My respect for the EU Referendum blog, one of my daily reads, has just cratered. It argues that because the person leaking immigration details to Damian Green had sought to get a Tory party job, and the leaks of such data were a serious matter, that the authorities were entirely right to treat Mr Green as they did. As far as EUR is concerned, we are all getting het up about nothing and that it is high time that politically motivated civil servants were given a warning. This is nonsense: given the vast number of leaks out of the government that often have direct impacts on things like financial markets, the use of sweeping laws to deal with such matters is bizarre.
What on earth has got into that blog’s authors that they should seek to excuse the use of anti-terror police in dealing with leaks that while embarrassing, posed no danger to UK national security? Had the EU acted in this way, that blog would have gone ballistic.
Update: EUR continues to attack those who are attacking this arrest, arguing that if the cops had suspicions that something was fishy about Mr Green’s activities, they were entitled to act as they did. But again, why the use of anti-terror police when this was plainly not an issue that raises national security issues?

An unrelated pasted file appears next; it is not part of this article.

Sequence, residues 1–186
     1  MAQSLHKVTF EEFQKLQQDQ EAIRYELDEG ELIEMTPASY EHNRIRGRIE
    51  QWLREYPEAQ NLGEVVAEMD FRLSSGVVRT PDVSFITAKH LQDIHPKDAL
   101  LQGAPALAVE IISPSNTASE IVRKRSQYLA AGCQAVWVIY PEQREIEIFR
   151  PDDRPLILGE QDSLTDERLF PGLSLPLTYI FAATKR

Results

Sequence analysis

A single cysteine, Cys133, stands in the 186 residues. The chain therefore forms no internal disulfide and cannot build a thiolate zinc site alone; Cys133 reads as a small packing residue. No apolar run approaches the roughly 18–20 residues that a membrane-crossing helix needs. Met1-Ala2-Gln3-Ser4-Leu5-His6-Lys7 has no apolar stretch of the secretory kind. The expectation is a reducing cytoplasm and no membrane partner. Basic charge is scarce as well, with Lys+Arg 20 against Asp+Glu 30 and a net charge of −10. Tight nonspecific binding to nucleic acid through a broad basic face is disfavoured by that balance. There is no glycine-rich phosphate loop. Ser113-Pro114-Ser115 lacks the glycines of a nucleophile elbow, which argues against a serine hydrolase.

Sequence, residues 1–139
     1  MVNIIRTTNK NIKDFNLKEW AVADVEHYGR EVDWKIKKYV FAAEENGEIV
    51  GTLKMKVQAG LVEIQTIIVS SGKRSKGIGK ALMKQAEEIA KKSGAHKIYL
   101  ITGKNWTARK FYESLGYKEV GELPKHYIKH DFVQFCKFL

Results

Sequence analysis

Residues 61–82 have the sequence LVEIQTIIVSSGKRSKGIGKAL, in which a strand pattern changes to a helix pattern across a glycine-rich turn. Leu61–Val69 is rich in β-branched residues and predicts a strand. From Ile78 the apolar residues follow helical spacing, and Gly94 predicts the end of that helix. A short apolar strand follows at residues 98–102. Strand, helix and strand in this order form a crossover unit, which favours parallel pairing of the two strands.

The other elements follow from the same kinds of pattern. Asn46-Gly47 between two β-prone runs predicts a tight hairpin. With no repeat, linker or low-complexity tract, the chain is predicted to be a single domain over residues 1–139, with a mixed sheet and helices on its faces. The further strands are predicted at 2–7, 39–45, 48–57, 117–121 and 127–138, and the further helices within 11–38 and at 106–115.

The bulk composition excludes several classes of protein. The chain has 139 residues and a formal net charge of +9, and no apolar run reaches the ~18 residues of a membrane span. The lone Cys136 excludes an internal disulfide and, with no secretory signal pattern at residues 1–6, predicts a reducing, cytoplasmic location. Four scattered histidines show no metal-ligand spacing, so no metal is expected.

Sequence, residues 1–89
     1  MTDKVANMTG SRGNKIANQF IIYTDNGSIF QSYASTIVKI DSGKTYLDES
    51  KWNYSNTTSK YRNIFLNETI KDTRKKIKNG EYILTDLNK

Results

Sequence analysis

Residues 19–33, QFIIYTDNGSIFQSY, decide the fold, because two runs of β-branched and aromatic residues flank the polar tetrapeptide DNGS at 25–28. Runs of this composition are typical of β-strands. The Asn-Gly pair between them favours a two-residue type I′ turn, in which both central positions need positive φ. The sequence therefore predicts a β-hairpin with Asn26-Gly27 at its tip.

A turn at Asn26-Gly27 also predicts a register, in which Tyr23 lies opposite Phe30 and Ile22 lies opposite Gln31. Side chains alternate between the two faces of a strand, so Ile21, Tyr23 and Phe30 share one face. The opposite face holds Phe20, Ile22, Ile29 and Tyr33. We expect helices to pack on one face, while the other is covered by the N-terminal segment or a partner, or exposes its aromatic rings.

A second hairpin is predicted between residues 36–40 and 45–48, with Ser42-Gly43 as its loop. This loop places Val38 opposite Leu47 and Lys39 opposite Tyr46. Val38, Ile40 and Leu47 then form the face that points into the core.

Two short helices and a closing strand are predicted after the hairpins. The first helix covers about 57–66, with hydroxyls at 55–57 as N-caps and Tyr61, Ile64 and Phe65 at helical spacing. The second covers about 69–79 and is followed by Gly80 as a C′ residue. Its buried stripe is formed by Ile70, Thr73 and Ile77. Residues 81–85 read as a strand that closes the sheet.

I see that the Devil’s Kitchen blog, which normally has little time for the intrusions of state power, goes into an incoherent rant at MPs’ expense, saying, pretty much, that Members of Parliament have been such poor custodians of our liberties – which is a true fact – that they deserve no sympathy now that the guns are turned on them. Well yes but so what? The point that DK misses is how this story plays, or should play, straight into the hands of civil libertarians anxious to focus attention on how out of control government and its agents now are. As Brian Micklethwait said the other day, this story is great news for civil libertarians, and terrible for the government. Perhaps EU Referendendum and DK are so consumed with hatred for the Tory Party that they are untroubled by the significance of last week’s arrest other than to yell abuse.